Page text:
Originally posted July 2005. Since that time we’ve had a war in Gaza, so my optimism about relinquishing that may have been premature. But the whole system of settlements and how the State of Israel administers the West Bank continues to be a source of difficulty in its own right.
Back in the late 1970’s, I attended for a bit Robert Tilton’s Word of Faith Outreach in Farmers Branch, Texas. Tilton was then one of the most prominent “prosperity gospel” preachers, and he hammered away Sunday after Sunday that his congregation needed to have the “God kind of faith” to become prosperous and powerful, and to ultimately “take the city.” Sitting there listening to this, I thought, “If they’re right (and I had my doubts,) they’ll control this city in short order.” That’s what they were thinking too.
Today of course Tilton is gone from the scene, undone by scandal, and his congregation scattered, probably packing the many charismatic churches in the Dallas-Fort Worth area. With more than a quarter century of “God kind of faith” behind them, they haven’t taken the city either, as a lesbian Dallas County sheriff will attest to. Not even the great (and well respected) T.D. Jakes can make that claim. Many will say that their objective was unrealistic. But why, with all of those Scriptures behind them?
To answer this question we need to turn to a far more important issue, namely that of the State of Israel and its own return to “the land.” One of the greatest doctrinal reversals Christianity has ever experienced has been the attitude of evangelicals towards the Jews. Starting in the early nineteenth century with the likes of J.N. Darby, evangelicals have come to see that the Jews do in fact have a place in present salvation history (as opposed to the idea that the Christian church completely replaced Judaism after Christ’s work on earth) and their actions are key for Christians and Jesus Christ’s second coming. With the Holocaust a fading memory (especially in Europe, where it took place) and anti-Semitism becoming fashionable again, the Jews have found evangelical Christians to be a friend in a world where friends are in short supply. They have also found that their presence in the Holy Land is essential to their survival, an interesting by-product of anti-Semitism.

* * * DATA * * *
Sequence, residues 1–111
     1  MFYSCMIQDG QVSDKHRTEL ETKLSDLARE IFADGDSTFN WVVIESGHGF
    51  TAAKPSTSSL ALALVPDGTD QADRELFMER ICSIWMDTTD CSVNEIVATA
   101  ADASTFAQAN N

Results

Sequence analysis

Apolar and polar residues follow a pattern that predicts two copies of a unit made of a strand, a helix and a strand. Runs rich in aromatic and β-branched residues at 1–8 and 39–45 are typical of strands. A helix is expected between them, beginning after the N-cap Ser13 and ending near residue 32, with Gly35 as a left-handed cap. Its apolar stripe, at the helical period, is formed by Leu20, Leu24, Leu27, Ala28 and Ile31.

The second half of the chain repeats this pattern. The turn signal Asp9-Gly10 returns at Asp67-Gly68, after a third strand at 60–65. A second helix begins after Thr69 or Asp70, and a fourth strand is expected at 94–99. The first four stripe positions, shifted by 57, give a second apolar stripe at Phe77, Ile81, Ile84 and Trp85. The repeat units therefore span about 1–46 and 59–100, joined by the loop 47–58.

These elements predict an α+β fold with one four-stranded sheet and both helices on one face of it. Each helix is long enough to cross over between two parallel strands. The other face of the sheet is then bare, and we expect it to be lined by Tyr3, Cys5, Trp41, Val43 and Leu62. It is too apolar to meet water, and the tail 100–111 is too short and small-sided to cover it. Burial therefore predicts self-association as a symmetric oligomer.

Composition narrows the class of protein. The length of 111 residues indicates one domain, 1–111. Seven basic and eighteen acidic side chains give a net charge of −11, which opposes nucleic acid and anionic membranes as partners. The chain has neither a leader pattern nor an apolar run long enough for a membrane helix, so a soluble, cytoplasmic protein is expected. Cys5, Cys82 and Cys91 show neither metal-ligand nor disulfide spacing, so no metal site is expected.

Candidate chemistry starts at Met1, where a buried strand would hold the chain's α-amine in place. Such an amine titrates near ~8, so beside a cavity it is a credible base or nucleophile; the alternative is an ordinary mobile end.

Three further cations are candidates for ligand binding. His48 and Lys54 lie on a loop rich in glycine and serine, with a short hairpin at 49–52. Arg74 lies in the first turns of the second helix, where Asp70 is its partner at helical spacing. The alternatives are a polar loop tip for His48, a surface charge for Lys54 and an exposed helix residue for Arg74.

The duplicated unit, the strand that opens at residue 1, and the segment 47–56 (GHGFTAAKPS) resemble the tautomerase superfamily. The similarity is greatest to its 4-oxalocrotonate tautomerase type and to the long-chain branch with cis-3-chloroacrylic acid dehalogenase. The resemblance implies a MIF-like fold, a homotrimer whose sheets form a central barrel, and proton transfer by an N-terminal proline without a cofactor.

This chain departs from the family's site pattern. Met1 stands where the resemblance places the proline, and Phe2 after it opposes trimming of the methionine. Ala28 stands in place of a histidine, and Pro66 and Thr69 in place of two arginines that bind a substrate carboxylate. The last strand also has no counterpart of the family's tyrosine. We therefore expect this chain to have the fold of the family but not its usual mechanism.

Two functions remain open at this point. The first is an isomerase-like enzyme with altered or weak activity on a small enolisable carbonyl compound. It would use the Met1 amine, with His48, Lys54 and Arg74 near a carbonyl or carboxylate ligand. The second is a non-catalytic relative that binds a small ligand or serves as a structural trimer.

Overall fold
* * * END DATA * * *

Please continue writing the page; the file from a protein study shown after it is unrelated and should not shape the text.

Part of this friendship is an insistence by many evangelicals that Israel has an absolute right to all of the land which God gave the Jews in the Old Testament. This squares with Orthodox Judaism’s view of the matter. Togther the two lament the loss of settlements being implemented by the Sharon government. Under this is a fear that prophecy will be undone by the act of weak men.
Prophecy cannot be undone by the act of men. The Jews’ claim to the land is Biblical. But we must look at the whole picture, and the best way to do this is to relate this to the first conquest of the land. Before they entered, the Israelites were charged with the following command:
When Jehovah thy God shall bring thee into the land whither thou goest to possess it, and shall cast out many nations from before thee, the Hittites, and the Girgashites, and the Amorites, and the Canaanites, and the Perizzites, and the Hivites, and the Jebusites, seven nations greater and mightier than thou, and when Jehovah thy God shall give them up before thee and thou shalt smite them, then shalt thou utterly destroy them: thou shalt make no covenant with them, nor shew mercy unto them. And thou shalt make no marriages with them: thy daughter thou shalt not give unto his son, nor take his daughter for thy son; for he will turn away thy son from following me, and they will serve other gods, and the anger of Jehovah will be kindled against you, and he will destroy thee quickly. But thus shall ye deal with them: ye shall break down their altars, and shatter their statues, and hew down their Asherahs, and burn their graven images with fire. For a holy people art thou unto Jehovah thy God: Jehovah thy God hath chosen thee to be unto him a people for a possession, above all the peoples that are upon the face of the earth. (Deut. 7:1-6, Darby)